source
optimize!(code::CodeInfo, mod::Module)

Perform minor optimizations on the lowered AST in code to reduce execution time of the interpreter. Currently it looks up GlobalRefs (for which it needs mod to know the scope in which this will run) and ensures that no statement includes nested :call expressions (splitting them out into multiple SSA-form statements if needed).

source

Frame traversal

JuliaInterpreter.rootFunction.
rframe = root(frame)

Return the initial frame in the call stack.

source
JuliaInterpreter.leafFunction.
lframe = leaf(frame)

Return the deepest callee in the call stack.

source

Frame execution

Compiled is a trait indicating that any :call expressions should be evaluated using Julia's normal compiled-code evaluation. The alternative is to pass stack=Frame[], which will cause all calls to be evaluated via the interpreter.

source
pc = step_expr!(recurse, frame, istoplevel=false)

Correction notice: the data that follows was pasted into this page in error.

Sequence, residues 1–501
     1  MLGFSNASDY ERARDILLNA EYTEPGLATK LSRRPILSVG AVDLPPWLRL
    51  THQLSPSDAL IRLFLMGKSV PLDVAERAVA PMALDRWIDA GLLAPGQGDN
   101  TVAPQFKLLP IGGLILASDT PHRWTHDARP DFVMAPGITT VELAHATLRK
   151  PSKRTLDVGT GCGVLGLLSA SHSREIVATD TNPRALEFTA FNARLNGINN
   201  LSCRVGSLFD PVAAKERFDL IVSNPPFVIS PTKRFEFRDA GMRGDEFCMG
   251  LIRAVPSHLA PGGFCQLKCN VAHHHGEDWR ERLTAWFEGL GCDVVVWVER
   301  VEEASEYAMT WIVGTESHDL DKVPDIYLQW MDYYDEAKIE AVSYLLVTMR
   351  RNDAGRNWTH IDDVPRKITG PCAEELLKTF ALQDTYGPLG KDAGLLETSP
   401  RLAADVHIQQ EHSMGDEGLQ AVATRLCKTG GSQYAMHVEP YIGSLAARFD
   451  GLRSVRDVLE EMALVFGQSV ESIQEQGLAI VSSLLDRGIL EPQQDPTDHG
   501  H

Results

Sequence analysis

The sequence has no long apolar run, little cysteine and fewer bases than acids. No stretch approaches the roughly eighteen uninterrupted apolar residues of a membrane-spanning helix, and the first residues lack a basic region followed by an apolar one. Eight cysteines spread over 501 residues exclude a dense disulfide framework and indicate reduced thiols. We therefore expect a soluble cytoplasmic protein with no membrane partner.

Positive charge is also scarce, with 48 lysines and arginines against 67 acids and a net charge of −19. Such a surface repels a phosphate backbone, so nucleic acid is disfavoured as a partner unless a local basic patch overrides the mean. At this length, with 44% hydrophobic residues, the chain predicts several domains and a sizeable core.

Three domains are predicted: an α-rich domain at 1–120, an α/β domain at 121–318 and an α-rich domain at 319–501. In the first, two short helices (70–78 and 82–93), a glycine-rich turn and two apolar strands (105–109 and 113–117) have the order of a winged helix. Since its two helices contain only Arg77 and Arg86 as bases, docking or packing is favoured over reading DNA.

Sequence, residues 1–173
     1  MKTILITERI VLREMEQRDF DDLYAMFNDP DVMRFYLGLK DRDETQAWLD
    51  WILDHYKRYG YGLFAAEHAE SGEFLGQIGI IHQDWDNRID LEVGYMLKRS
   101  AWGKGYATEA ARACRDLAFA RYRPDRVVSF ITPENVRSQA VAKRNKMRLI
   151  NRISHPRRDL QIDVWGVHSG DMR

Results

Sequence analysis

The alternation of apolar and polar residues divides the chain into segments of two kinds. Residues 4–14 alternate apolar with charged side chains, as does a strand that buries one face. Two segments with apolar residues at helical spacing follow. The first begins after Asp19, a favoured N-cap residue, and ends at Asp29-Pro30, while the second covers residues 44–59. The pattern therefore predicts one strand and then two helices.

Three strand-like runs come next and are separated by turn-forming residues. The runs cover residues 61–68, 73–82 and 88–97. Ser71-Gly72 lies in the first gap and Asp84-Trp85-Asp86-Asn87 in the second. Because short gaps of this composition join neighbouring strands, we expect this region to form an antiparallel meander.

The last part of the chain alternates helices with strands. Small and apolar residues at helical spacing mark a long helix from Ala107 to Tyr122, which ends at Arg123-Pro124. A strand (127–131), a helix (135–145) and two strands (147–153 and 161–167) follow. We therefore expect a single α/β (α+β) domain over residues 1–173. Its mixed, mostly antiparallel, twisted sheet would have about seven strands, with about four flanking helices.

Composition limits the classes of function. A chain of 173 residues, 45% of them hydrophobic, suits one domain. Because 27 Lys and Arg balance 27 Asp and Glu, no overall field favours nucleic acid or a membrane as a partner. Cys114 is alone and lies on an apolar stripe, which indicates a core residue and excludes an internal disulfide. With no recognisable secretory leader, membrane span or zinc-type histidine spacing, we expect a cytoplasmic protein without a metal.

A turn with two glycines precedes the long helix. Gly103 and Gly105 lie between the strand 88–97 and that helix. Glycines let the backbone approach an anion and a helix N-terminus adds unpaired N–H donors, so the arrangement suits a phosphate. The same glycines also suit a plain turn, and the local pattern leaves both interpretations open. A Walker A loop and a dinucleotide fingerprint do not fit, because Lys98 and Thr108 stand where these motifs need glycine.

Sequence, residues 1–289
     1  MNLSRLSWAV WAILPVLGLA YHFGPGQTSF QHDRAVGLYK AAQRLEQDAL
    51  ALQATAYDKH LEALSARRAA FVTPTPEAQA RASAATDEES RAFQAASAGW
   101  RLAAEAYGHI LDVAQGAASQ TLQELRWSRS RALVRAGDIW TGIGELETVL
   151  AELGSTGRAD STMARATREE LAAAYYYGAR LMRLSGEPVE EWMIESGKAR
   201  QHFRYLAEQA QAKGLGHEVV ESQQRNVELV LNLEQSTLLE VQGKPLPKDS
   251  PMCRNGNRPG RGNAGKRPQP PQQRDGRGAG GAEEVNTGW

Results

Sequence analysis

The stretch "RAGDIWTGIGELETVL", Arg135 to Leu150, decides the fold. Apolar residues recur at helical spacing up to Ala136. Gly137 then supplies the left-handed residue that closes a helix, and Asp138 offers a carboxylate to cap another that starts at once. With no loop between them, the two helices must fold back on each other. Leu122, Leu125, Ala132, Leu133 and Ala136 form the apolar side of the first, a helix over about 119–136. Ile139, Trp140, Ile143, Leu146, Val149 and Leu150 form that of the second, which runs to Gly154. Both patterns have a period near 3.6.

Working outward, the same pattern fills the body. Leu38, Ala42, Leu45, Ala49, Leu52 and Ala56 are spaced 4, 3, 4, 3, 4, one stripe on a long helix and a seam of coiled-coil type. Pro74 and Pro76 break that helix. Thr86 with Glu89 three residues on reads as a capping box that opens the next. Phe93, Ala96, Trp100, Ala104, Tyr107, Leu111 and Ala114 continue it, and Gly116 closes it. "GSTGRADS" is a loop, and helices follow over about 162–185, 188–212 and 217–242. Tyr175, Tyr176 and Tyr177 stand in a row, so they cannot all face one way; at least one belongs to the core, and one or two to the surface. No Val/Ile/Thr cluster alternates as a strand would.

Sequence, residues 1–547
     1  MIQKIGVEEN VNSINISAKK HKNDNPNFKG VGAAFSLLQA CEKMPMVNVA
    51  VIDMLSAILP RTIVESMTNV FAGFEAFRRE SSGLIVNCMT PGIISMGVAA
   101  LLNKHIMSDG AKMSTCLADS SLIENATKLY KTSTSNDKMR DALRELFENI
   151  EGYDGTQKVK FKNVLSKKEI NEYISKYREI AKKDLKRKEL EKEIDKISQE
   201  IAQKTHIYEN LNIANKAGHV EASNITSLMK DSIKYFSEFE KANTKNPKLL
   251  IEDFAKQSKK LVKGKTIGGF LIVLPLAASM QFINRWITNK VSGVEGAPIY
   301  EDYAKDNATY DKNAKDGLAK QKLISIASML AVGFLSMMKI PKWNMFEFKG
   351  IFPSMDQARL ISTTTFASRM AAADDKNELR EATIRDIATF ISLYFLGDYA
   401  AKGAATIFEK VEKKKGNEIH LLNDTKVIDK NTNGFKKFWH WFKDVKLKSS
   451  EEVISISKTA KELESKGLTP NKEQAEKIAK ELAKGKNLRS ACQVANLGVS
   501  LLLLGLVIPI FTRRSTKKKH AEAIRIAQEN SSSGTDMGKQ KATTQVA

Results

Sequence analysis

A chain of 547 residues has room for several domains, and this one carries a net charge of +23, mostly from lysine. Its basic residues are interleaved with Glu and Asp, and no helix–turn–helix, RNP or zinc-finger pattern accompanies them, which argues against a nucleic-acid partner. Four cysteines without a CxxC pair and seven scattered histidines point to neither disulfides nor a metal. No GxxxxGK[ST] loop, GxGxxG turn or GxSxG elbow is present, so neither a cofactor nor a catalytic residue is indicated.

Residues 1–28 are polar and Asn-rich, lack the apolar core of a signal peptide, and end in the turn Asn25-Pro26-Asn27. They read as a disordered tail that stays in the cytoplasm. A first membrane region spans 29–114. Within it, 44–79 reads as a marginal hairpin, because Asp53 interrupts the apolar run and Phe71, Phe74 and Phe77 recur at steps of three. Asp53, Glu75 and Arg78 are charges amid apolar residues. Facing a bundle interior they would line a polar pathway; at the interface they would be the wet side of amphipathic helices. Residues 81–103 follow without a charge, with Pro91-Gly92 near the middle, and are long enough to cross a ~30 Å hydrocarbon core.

pc = step_expr!(frame, istoplevel=false)

Execute the next statement in frame. pc is the new program counter, or nothing if execution terminates, or a BreakpointRef if execution hits a breakpoint.

recurse controls call evaluation; recurse = Compiled() evaluates :call expressions by normal dispatch. The default value recurse = finish_and_return! will use recursive interpretation.

If you are evaluating frame at module scope you should pass istoplevel=true.

source
pc = finish!(recurse, frame, istoplevel=false)
pc = finish!(frame, istoplevel=false)

Run frame until execution terminates. pc is either nothing (if execution terminates when it hits a return statement) or a reference to a breakpoint. In the latter case, leaf(frame) returns the frame in which it hit the breakpoint.

recurse controls call evaluation; recurse = Compiled() evaluates :call expressions by normal dispatch, whereas the default recurse = finish_and_return! uses recursive interpretation.

source
ret = finish_and_return!(recurse, frame, istoplevel::Bool=false)
ret = finish_and_return!(frame, istoplevel::Bool=false)

Call JuliaInterpreter.finish! and pass back the return value ret. If execution pauses at a breakpoint, ret is the reference to the breakpoint.

source
ret = finish_stack!(recurse, frame, rootistoplevel=false)